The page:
Supreme Court Justice Clarence Thomas’ call to kick libel law back to the states is baffling and dangerous. In an era where the president of the United States routinely attacks the press, our landmark libel case, New York Times v. Sullivan, must remain a cornerstone of First Amendment law.
Thomas seems to be supporting President Donald Trump’s call to “open up” libel laws to make it easier to successfully sue media companies.
“We are going to have people sue you like you’ve never got sued before,” Trump said at a Fort Worth rally during the frenzied 2016 presidential primary season. His lawyers may have convinced him that this would be tough to do under Sullivan, hence his “enemy of the people” diatribes on Twitter.
The press is under attack from our highest political office and the far right, and in this contentious political climate, journalists must remain protected against a vindictive government bearing down on us via our legal system.
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In the landmark Sullivan ruling, the Supreme Court set a standard for actual malice that had to be met for press reports about public officials could be considered libel. Sullivan was birthed 55 years ago from civil rights-era conflicts as African-American leaders criticized police brutality against protesters in Alabama.
Without Sullivan, coverage of the protests in the South would have been squelched as southern public officials sought to use libel law as a cudgel to silence civil rights leaders and the reporters who covered them. Indeed, Sullivan was as much a civil rights case as it was a libel case.
Civil rights, Vietnam and Watergate reporting
How ironic then that Justice Thomas, the only African-American on the Supreme Court, is calling for a retreat on these civil rights-era protections. He made this remark in a concurring opinion released Tuesday when the court turned down an appeal from Kathrine McKee, who accused Bill Cosby of sexual assault. She sued Cosby for libel after his lawyers called her dishonest.
Thomas often treads his own path in the area of First Amendment law. He is a noted defender of advertising, also called commercial speech, questioning why it should be more heavily regulated than other types of speech, even political speech. He has questioned laws that regulate political contributions, and strongly supported less government regulation of street and lawn signs. However, he has opposed free speech protections for high school students and prisoners.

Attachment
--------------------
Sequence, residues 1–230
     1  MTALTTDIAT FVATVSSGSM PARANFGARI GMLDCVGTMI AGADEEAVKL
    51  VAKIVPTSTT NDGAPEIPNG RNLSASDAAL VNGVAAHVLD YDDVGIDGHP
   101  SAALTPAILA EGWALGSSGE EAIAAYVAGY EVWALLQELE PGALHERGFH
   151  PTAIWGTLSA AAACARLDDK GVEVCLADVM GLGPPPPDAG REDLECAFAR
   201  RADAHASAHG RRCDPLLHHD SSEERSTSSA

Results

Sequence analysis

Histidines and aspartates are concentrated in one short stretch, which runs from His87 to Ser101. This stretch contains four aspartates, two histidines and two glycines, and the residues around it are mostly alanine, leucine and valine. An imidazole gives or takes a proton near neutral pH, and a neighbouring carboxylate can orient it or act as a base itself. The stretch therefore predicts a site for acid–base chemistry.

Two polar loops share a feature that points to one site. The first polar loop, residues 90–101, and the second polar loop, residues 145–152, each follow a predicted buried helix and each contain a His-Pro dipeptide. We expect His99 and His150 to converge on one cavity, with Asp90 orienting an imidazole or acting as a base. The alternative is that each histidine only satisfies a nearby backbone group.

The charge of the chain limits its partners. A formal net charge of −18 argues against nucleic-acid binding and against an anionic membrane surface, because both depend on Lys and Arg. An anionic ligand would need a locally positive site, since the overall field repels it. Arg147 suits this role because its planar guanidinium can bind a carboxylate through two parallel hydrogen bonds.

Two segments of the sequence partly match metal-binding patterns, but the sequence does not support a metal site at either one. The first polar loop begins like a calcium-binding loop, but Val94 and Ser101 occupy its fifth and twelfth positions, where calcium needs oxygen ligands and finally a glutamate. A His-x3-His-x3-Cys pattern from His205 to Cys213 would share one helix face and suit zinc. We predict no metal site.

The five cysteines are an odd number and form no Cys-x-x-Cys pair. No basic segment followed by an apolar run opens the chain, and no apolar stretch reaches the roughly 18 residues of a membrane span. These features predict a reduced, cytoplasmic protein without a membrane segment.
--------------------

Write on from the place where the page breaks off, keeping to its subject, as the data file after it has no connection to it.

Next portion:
During the middle of the last century, the media and civil rights protesters often faced financially crippling libel suits filed by public officials and even police officers such as L.B. Sullivan of Montgomery, Alabama. The Supreme Court’s 1964 ruling in Sullivan cleared the way for more robust coverage of the Vietnam war and Watergate. The free press is compromised if it is not free to cover issues of public concern without fear of being hauled into court.
Journalists don’t always win libel suits
To be clear, journalists are not totally protected from libel suits, nor are we owed blanket immunity from reckless practice. For instance, Sen. Barry Goldwater, the 1964 Republican presidential nominee, prevailed in his libel suit against Fact magazine over “The Unconscious of a Conservative: A Special Issue on the Mind of Barry Goldwater,” which was published before the election.
The magazine contended that Goldwater had a severely paranoid personality and was psychologically unfit to be president. Under Sullivan, Fact editor Ralph Ginzburg was found to have acted with actual malice: knowledge that the content was false before he published it or with reckless disregard of whether the information was false.
Provable truth is the ultimate defense in a libel suit. According to our federal law via Sullivan, if reporters get it wrong, they can certainly lose a libel case. And that’s how it should be.
Aimee Edmondson, an associate professor at Ohio University’s E.W. Scripps School of Journalism, is the author of “In Sullivan’s Shadow: The Use and Abuse of Libel Law During the Civil Rights Movement,” to be published Aug. 2. Follow her on Twitter: @ProfEdmondson